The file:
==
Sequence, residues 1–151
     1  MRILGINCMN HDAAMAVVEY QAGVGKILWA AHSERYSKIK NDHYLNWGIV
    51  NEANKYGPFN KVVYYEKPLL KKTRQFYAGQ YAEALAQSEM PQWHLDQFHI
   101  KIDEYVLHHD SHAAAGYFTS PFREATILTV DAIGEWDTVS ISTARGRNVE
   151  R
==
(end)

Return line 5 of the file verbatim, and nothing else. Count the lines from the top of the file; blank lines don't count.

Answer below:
   151  R